LAPD Arrests 23 Occupy L.A. Protesters in Downtown Financial District for Civil Disobedience
For all further updates, see: "Occupy L.A. Pitches Mini Tent City at Bank of America Plaza; Riot Police Move in for Arrests."
Update, 1:15 p.m.: VIDEO of occupiers blocking the intersection of Grand and Fifth, at the bottom.
Update, 12:45 p.m.: @OccupyLA reports that riot police just "charged protestors" and "blocked everyone in" at Broadway and Third. More protesters are being arrested.
Update, 10:30 a.m.: Figueroa has been reopened for cars and foot traffic.
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The first real arrests of the two-month Occupy L.A. demonstrations just went down at Fourth Street and Figueroa, where a circle of 21 protesters had joined hands around three slogan-covered tents in the middle of the street. (As promised.) They were all arrested for civil disobedience at about 9:45 a.m. as 1,500-plus supporters flanked them on the sidewalks.
Compared to the reported mayhem (and journalist beatdowns) in New York today -- where Occupy Wall Street is orchestrating a similar day of action against America's financial institutions -- the Los Angeles arrests were pretty mellow, according to witnesses at the scene. Still very emotional, though, as protesters were carried off, one by one, by LAPD officers in riot gear.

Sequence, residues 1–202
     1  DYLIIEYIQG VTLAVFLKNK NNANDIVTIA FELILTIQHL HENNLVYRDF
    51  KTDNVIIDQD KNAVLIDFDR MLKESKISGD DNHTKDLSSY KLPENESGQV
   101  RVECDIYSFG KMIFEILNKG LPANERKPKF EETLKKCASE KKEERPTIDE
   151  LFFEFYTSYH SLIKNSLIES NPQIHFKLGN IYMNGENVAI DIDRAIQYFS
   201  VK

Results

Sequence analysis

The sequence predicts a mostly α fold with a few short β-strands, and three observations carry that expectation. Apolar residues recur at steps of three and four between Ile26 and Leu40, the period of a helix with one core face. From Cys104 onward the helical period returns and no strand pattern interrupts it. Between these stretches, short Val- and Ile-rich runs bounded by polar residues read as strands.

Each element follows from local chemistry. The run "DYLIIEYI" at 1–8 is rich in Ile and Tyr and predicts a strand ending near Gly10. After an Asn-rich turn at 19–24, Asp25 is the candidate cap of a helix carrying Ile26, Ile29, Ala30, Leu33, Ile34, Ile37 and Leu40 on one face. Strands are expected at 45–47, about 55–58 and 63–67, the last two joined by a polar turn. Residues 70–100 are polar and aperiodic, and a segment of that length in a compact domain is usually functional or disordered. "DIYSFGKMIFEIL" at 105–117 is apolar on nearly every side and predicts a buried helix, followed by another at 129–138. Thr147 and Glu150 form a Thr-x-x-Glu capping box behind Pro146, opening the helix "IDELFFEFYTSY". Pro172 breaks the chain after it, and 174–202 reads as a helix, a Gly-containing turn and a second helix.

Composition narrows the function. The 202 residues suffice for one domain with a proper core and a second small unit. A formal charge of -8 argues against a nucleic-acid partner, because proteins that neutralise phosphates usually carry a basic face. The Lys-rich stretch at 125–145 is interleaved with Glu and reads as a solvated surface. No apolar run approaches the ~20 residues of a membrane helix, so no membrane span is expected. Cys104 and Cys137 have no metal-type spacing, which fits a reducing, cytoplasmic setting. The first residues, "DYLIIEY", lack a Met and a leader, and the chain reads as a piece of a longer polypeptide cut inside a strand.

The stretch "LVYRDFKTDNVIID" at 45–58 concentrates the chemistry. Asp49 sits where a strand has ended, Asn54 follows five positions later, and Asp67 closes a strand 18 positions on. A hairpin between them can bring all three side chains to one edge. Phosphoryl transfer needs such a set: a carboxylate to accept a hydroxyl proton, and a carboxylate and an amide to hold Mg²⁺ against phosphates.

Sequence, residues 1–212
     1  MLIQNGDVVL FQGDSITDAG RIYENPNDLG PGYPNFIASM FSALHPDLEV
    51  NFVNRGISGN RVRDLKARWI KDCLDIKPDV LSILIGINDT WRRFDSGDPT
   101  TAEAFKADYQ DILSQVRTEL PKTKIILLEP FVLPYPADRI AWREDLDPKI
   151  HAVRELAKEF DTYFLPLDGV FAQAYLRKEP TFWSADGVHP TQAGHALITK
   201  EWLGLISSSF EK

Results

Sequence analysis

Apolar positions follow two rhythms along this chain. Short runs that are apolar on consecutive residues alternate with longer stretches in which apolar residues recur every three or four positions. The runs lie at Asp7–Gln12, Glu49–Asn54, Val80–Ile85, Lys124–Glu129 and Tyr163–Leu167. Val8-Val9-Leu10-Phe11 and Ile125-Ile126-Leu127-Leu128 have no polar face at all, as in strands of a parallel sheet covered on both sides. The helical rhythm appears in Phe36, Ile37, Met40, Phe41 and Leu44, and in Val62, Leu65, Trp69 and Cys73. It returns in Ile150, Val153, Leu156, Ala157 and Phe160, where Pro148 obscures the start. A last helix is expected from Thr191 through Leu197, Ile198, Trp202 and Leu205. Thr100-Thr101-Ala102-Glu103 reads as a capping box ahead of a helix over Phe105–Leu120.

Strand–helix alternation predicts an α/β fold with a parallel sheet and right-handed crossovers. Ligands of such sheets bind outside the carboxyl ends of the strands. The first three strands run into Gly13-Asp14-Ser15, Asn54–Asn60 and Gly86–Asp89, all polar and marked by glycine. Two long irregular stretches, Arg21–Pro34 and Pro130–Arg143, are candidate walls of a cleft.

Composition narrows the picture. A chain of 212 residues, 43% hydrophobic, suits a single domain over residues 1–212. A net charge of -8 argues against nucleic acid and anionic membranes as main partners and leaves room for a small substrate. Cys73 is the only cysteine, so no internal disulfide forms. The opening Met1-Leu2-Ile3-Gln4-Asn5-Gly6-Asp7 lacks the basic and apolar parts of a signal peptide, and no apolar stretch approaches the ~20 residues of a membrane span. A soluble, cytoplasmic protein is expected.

A couple more L.A. arrests earlier this morning were a bit more unexpected:
LA Weekly photographer Colin Young-Wolff says that two protesters were caught and cuffed after "some of the Occupy movement split off and went to the police line ahead."
The march route wound through the downtown financial district, beginning at Hope and Third, then ending at the illegal tent circle. Occupiers denounced government bailouts for the nation's banks and tax breaks for its major corporations, while the 99 percent goes hungry and jobless.
Five minutes before the bulk of the arrests were made, police announced over vehicle bullhorn that the protest was an act of civil disobedience and failure to disperse. "The rest of the people on the sidewalk cheered and chanted during the arrests," says Young-Wolff.
According to reporter Ramon Galindo, the group of arrestees included one (very ballsy) 82-year-old woman:
That was probably the height of the fear and tension, as cops raised their non-lethal weapons and batons in anticipation of possible resistance. Here's some video footage from NBC LA reporter John Cádiz Klemack.
KNX news radio reports that arrestees' bail is set at $500 a pop.
Young-Wolff says protesters are now continuing to march -- though he's not quite sure to where, exactly. The @OccupyLA Twitter account instructs followers to meet at City Hall at 11:30 a.m. for another demonstration.
Update, 1:15 p.m.: Local FOX reporter Phil Shuman has been posting regular video updates to the financial-district invasion today. Here's the most recent one, which shows protesters blocking the intersection of Grand and Fifth:
According to KNX news radio, most of them are staying on the sidewalk to avoid arrest, but are causing "traffic problems" nonetheless. Others are heading back to Bank of America. Across the country at Occupy Wall Street, a whopping 175 people have reportedly been arrested since morning.